Action 4.2 - Enhance skill-based investments
Action 4.3 - Extend the performance culture

Action 5.1 - Create self-sustaining programs
Action 5.2 - Identify broader quality measurements
Action 5.3 - Extend the entrepreneurial sphere
Action 5.4 - Fund diversification

EVOLVING COMMUNITY SYSTEMS: SERVING THE WHOLE STATE - Illinois Action for Children's systems change work is focused on:
1. Systems development in specific, high-need communities in which depth of engagement and tenure
of investment matter.
2, Assessing, enhancing, and aligning the assets of underserved communities.
3. Examining the underlying root causes and their gaps (in funding and philosophy) that contribute to challenges in certain identifiable communities.
Illinois Action for Children will cultivate and connect what it has learned on a community level to impact direction-setting at both state and national levels.

DRIVING DIVERSITY OF CHILD CARE AND EDUCATION: SUPPORTING PARENTALCHOICE FOR HOME- AND CENTER-BASED SETTINGS - Parenting can be challenging. Add in the complexities of navigating the child care system (such as finding and paying for care) and the obstacles can be too complex for parents to overcome. Many families need options outside of the traditional center-based model— especially during non-standard hours. The strategies and theories underpinning the work of the entire system have created biases that limit parents’ choices. At the same time, investment in family, friend, and neighbor care is severely lacking, creating disparity and inconsistency in the quality of care.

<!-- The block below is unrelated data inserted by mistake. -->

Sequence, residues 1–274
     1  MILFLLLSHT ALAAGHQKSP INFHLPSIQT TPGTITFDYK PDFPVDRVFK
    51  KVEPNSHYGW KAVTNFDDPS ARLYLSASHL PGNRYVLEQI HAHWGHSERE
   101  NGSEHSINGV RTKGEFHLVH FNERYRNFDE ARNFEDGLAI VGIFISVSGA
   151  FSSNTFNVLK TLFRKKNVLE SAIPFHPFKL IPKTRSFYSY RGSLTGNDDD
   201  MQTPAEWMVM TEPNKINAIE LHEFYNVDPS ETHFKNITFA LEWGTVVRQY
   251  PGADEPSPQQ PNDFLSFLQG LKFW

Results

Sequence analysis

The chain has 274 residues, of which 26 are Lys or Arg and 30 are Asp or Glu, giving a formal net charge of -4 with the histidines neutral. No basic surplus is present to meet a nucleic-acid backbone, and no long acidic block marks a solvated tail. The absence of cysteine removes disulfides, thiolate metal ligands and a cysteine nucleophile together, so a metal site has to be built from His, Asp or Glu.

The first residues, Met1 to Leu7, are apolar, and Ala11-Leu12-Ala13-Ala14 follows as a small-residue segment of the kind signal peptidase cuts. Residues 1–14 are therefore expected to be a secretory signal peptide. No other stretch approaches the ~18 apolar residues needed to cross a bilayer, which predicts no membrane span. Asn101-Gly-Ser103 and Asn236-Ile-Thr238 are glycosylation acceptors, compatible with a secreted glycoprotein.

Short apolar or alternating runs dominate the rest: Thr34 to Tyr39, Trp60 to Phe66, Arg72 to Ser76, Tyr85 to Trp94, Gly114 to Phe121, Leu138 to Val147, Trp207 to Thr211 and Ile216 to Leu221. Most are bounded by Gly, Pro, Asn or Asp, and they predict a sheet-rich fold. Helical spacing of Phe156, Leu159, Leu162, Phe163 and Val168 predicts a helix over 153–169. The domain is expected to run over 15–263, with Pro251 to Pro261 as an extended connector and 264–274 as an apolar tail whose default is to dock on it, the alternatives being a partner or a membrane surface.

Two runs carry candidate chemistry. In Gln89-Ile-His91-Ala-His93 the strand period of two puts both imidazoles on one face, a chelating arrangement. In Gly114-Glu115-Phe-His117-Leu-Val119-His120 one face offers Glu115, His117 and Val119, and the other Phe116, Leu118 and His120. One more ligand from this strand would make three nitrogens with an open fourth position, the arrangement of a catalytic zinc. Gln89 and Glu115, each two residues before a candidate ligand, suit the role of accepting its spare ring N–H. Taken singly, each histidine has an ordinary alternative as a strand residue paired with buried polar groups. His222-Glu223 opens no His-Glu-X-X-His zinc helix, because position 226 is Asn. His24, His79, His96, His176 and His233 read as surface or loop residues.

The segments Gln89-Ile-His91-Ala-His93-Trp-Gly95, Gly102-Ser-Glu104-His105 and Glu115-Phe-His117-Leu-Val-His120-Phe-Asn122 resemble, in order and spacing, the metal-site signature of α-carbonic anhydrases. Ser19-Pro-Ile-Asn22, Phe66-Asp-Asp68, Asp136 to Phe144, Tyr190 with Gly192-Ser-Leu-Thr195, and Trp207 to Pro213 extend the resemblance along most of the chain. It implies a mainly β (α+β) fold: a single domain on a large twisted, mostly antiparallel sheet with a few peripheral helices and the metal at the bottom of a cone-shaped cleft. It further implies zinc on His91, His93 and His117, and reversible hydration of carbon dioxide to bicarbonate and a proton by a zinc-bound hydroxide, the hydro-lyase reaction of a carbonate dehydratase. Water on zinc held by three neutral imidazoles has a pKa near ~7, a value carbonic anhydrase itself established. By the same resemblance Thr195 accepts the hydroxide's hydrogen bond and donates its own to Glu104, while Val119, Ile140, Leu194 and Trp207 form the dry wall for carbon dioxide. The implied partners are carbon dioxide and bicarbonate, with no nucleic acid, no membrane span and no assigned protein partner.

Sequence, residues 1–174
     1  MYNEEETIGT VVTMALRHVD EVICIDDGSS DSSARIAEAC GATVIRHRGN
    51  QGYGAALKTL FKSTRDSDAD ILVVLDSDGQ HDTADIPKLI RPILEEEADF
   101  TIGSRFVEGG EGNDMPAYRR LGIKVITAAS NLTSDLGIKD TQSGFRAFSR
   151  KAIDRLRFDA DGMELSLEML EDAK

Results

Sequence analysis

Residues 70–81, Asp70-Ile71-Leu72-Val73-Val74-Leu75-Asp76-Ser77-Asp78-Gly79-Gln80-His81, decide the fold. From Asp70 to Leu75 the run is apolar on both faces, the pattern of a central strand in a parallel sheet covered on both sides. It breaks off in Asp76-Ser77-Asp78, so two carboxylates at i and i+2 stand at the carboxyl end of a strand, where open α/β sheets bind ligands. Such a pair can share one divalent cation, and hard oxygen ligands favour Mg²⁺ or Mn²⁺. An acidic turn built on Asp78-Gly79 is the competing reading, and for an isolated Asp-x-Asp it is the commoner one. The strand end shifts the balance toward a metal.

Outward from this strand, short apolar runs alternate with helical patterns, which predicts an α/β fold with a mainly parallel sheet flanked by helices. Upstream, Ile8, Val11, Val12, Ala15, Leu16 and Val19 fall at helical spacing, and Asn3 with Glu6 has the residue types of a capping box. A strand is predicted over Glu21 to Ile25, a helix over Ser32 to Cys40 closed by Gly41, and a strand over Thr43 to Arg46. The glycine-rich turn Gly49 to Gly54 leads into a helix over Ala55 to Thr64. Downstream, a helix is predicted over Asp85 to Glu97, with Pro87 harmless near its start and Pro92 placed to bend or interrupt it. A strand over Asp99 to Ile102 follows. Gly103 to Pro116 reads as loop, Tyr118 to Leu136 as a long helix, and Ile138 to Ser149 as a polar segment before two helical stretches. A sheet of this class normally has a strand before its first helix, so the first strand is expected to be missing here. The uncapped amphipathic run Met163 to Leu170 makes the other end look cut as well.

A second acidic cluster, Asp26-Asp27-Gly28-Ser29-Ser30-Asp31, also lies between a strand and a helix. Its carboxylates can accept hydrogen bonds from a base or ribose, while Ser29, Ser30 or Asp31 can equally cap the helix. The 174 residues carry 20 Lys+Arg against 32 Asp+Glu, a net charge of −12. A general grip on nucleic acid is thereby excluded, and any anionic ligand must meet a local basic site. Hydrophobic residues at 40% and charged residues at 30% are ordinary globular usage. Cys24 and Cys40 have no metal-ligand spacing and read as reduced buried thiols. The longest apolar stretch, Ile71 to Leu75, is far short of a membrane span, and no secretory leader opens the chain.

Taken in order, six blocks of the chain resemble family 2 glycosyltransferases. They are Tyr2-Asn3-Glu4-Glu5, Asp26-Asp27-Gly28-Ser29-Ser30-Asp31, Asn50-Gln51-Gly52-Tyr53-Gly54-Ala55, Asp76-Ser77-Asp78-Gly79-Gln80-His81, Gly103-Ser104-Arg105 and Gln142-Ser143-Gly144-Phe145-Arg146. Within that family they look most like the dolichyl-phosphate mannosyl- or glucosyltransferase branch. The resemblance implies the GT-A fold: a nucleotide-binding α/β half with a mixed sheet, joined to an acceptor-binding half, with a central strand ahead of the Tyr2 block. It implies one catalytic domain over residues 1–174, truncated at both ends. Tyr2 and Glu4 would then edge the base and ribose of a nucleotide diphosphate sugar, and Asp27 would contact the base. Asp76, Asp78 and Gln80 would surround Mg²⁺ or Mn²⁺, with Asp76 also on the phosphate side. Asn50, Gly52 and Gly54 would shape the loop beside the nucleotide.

The agency engages across the levels of complexity and bias to support high-quality care and education
for all children in the contexts that are appropriate for individual need and parental choice.

VITALIZING THE EARLY CARE AND EDUCATION WORKFORCE - The field faces an ongoing talent shortage, aging workforce, low wages, and a disconnect between institutions preparing the workforce and staff attraction and retention funding and incentives. At the same time, as neuroscience continues to identify the critical impact of brain development during the first five years of life, many primary caregiving staff are professionally unprepared to engage on pertinent issues. The field must address mandated working hours and its archaic pay structure.
Illinois Action for Children is committed to driving the vitalization of the early childhood education and care workforce to advance equitable pay, incentives, and learning settings. These changes will help attract and retain educators who can deliver essential, high-quality care/learning for children and their families.